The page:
Sunday turned nice and computers were turned off and left at home for a trip to (what feels like) the most remote part of Toronto: the beach along the Scarborough Bluffs. We started at the Guild Inn and made our way down an old abandoned road to the lake. You can trace our route on this Gmaps Pedometer map (a wonderful Google maps application where you can plot out a route and see how long it is). The road was likely once open to cars but today is only used by pedestrians, cyclists and service vehicles that construct and maintain the elaborate breakwall. We walked nearly 3 kilometers down the beach, and discovered some public works ruins — a rare find in Toronto — that felt a bit like the end of Planet of the Apes when Charlton Heston finds the head of the Statue of Liberty on a beach, under some sandy cliffs.
Quite a bit of work is going on along a portion of the beach, with chunks of concrete and rebar laying around, waiting — we assumed — to be turned into more of the neat and tidy breakwall that ran until this point.
Toronto’s most dangerous beach with rebar sticking out of the water, or worse, pointing upwards just under the surface.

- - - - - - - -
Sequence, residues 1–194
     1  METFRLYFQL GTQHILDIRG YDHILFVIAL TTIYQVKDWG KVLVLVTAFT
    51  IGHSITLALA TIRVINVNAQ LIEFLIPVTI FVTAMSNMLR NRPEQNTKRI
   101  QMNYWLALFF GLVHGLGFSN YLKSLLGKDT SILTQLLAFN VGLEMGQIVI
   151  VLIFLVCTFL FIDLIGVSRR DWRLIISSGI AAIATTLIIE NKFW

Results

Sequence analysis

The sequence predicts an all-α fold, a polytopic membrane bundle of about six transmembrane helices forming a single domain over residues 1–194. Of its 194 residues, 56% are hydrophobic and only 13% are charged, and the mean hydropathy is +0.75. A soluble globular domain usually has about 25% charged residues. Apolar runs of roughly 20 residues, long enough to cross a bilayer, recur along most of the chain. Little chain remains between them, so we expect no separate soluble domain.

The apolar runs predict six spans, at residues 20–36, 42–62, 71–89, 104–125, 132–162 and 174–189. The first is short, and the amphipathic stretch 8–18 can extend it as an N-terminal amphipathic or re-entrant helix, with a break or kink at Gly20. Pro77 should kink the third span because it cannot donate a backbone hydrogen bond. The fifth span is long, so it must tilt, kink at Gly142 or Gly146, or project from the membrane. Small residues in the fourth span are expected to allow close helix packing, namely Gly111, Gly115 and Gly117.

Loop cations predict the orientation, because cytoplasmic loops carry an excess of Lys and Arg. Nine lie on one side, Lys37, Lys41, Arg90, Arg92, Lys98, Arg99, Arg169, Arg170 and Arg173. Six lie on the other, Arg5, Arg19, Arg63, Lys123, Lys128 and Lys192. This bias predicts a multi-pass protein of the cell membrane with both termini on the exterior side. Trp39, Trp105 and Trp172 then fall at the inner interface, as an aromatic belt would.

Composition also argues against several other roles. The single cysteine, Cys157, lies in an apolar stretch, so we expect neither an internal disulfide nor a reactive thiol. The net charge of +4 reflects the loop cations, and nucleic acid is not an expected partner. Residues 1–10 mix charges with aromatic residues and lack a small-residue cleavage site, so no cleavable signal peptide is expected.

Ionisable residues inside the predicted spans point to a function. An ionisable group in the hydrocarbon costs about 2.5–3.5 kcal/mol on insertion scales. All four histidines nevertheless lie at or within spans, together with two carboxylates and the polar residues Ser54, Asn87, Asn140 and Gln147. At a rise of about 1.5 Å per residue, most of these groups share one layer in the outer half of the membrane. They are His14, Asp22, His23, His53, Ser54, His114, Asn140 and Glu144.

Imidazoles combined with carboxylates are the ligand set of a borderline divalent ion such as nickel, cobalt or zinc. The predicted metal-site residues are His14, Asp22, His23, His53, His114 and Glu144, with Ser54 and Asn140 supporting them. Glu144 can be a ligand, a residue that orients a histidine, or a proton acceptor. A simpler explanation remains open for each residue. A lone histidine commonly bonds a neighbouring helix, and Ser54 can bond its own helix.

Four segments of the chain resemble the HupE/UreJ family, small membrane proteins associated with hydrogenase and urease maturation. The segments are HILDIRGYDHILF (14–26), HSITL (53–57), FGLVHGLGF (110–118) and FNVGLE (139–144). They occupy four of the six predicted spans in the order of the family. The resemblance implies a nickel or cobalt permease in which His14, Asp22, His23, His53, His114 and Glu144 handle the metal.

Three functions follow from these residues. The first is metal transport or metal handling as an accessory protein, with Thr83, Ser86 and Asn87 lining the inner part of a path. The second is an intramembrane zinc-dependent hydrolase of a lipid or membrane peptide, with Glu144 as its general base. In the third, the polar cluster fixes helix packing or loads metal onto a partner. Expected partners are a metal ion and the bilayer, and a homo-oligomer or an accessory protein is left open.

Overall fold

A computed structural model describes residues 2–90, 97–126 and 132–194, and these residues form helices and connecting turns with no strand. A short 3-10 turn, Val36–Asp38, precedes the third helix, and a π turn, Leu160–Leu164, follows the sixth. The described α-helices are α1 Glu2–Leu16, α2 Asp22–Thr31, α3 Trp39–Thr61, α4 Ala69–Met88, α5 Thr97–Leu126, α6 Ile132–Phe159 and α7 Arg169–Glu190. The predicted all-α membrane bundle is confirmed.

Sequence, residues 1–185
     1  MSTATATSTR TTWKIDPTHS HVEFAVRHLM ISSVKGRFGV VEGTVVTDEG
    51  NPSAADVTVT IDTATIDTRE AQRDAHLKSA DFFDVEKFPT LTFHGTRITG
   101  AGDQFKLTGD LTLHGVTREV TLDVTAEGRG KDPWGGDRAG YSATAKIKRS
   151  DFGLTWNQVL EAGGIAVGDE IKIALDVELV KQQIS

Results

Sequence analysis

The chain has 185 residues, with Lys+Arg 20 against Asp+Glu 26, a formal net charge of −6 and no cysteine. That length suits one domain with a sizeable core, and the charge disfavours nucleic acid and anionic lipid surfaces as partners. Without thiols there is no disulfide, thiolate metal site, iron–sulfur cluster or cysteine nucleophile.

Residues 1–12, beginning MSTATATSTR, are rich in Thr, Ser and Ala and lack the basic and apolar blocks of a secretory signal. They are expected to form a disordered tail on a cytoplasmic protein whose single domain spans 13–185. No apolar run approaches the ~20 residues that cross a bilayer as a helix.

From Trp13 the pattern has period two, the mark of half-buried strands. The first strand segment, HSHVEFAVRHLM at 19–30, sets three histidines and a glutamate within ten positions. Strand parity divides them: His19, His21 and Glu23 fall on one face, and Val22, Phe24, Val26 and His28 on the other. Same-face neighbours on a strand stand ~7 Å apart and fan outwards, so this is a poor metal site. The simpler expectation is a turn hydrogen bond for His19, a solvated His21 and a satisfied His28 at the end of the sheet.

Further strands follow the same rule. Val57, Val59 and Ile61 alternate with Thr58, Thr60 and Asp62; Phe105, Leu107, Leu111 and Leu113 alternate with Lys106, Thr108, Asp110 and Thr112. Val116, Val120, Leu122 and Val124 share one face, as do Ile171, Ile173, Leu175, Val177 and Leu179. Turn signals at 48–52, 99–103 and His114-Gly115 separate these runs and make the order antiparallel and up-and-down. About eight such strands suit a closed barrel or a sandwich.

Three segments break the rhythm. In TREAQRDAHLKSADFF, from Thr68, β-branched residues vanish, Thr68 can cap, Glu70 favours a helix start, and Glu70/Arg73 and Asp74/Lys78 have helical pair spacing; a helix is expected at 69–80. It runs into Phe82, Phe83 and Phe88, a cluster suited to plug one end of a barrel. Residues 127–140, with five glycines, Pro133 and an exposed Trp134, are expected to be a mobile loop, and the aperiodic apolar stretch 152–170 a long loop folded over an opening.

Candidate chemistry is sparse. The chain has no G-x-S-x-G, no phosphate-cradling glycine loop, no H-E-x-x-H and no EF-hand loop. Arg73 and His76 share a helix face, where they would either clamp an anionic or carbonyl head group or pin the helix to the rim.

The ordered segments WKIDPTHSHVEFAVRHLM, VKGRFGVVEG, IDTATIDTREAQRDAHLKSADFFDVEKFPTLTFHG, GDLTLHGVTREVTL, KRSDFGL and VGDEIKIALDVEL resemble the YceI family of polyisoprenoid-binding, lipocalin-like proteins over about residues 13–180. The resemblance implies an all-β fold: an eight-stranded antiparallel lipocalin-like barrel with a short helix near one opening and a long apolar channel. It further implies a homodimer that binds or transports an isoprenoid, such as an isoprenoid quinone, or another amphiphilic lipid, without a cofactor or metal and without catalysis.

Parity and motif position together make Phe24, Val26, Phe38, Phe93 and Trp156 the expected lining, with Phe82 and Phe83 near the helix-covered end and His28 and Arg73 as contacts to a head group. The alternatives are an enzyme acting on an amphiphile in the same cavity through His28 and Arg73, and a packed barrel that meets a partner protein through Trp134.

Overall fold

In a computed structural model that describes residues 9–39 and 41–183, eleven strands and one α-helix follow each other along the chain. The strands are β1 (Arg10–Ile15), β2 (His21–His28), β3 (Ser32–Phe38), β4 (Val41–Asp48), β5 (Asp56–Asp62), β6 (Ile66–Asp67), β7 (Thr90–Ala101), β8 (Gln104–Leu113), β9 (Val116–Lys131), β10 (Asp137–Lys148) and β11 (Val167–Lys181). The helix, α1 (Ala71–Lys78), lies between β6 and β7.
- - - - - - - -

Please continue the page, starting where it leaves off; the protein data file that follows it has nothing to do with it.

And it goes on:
As we rounded the corner, we heard what sounded like a waterfall. We found one, but not the kind we imagined, though the water did look clear and did not foam. The Planet of the Apes hunk of concrete appears to have once been attached to the sewer coming out of the bluffs.
The beaches along here are not regularly cleaned, but they are remarkably debris-free. Some over-packaging from Canadian Tire was one of the larger chunks.
Another strange and mysterious chunk of concrete.
Above, the roof of an old car or truck lays half buried. Beyond is more empty beach. Surrounded by a metropolitan population of 4.5 million people, we passed just 7 of them on our 5km round-trip, even though we were just on the edge of the city. Had we continued, we could have made it to the mouth of Highland creek where the next access point to civilization and the real world is located.